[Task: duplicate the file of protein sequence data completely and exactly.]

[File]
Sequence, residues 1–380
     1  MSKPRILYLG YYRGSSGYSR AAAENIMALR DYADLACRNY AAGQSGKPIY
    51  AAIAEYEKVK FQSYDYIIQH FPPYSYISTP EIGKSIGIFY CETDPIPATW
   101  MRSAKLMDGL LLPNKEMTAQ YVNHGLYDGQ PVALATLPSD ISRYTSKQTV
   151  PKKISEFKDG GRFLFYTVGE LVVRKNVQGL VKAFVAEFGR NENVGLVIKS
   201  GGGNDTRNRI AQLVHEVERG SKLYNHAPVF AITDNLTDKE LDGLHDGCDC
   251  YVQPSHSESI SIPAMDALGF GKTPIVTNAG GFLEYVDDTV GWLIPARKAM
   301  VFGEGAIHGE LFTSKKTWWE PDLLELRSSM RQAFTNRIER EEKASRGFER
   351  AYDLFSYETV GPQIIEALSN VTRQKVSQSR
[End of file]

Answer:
Sequence, residues 1–380
     1  MSKPRILYLG YYRGSSGYSR AAAENIMALR DYADLACRNY AAGQSGKPIY
    51  AAIAEYEKVK FQSYDYIIQH FPPYSYISTP EIGKSIGIFY CETDPIPATW
   101  MRSAKLMDGL LLPNKEMTAQ YVNHGLYDGQ PVALATLPSD ISRYTSKQTV
   151  PKKISEFKDG GRFLFYTVGE LVVRKNVQGL VKAFVAEFGR NENVGLVIKS
   201  GGGNDTRNRI AQLVHEVERG SKLYNHAPVF AITDNLTDKE LDGLHDGCDC
   251  YVQPSHSESI SIPAMDALGF GKTPIVTNAG GFLEYVDDTV GWLIPARKAM
   301  VFGEGAIHGE LFTSKKTWWE PDLLELRSSM RQAFTNRIER EEKASRGFER
   351  AYDLFSYETV GPQIIEALSN VTRQKVSQSR